This was a ponderous weapon of 18 feet in length, balanced by the great weight of its butt end, which was often nearly a foot in diameter at 20 inches from the extremity, having a notch cut out to admit the upper arm of the champion, which steadied it as it was laid in rest, supported by a projecting iron catch attached to the right-hand side of the knight's corslet. With this weapon, protruding 10 feet beyond their horse's chest, sheathed in panoply which defied any missiles which in that day could be brought against it, with the sole exception of the English clothyard arrow, infantry could seldom resist their shock. The arms of the infantry of this time were, besides the famous bows of the Englishmen, the bills - something similar to a short heavy scythe blade set erect on a shaft four feet long - leaden mallets, and long knives of the Anglo-Xorman archers; the pikes and halberts of the Swiss, which won them the day of Sempach, and did them good service at Morat, Granson, and Nancy, when the Austrian and Burgundian chivalry had dismounted; the crossbows of the Genoese; and the spears of the Scottish foot, who fought like the Greeks in phalanx. - Such were the distribution and relative importance of different arms during the greater part of the middle ages, and until the battle of Pavia, in 1525. This date marks the division between ancient and modern arms; for although gunpowder had been long before invented, it was at Pavia that the matchlock was first used in such a form as to make it of any practical value.
Even then it was a most imperfect and awkward weapon, fired from a rest. From this time firearms were improved, and the ancient offensive weapons, though they held their own for a considerable period, passed slowly out of use. The range of firearms was still very limited, and the accuracy of aim imperfect; and, till the musket was combined with the bayonet, the musketeer had no means of defending him self either against charging horse, or against infantry with long weapons, at close quarters, and he was therefore of necessity protected by pikemen. But at the beginning of the 17th century the bayonet was added to the arquebuse or musket, which had become from a matchlock a firelock, and now united in itself the properties of both pike and gun, and could be used indiscriminately as a missile or a weapon at close quarters. From this time, so rapid was the progress made in fire-arms, and so general their adoption, that the bullet soon became the arbiter of every battle, the combatants seldom coming to sufficiently close quarters to permit the use of weapons of the old form.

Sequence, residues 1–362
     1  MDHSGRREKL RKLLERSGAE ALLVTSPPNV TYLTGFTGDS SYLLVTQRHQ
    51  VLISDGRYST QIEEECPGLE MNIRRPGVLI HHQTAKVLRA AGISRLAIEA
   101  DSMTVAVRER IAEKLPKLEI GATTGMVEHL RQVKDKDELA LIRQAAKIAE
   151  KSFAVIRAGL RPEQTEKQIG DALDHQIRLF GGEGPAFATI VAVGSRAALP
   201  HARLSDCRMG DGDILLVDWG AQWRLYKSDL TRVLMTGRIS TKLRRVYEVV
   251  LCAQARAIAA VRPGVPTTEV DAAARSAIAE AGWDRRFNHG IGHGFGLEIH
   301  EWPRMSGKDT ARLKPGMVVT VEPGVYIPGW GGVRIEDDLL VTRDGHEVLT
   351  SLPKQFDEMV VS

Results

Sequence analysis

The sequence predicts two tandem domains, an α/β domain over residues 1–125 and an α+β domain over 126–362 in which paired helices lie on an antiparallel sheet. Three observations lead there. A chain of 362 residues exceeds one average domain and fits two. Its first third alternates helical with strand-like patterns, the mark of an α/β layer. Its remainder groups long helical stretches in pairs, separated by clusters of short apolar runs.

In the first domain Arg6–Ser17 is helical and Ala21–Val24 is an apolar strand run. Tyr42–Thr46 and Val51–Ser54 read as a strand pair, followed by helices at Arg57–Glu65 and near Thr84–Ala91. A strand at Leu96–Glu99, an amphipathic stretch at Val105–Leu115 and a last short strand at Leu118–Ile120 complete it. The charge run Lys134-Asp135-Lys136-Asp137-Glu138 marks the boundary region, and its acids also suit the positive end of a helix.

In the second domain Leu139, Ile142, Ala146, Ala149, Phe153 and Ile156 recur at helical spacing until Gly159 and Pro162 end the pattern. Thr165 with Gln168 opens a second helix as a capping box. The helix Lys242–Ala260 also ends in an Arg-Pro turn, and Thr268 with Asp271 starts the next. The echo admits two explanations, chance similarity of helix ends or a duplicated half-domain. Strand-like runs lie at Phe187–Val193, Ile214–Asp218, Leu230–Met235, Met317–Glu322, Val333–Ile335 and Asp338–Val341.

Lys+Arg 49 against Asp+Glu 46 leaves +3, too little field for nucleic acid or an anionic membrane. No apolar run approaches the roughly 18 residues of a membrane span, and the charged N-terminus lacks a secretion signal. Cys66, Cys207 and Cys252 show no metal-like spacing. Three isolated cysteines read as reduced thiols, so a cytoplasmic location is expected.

The American war of indepen-dence and the French wars of the revolution brought the rifle, which was by no means a new weapon - for the principle of rilling or screwing barrels, as it was then called, and its effect on the bullet, were known and used even in matchlocks as early as the 16th century - into general notice, and the invention of percussion doubled even its utility. From this time began that wonderful series of improve-ents in rifled small arms and cannon which has made the military rifle of to-day a most formidable weapon. The invention of the sim-ple modern percussion lock, of the Minie rifle bullet, of revolving pistols, and especially of breech-loading firearms of every kind, has enormously increased the means of offensive warfare. (See Artillery, Cannon, Gun, Gunnery, Gunpowder, Musket, Plstol, Rlfle.)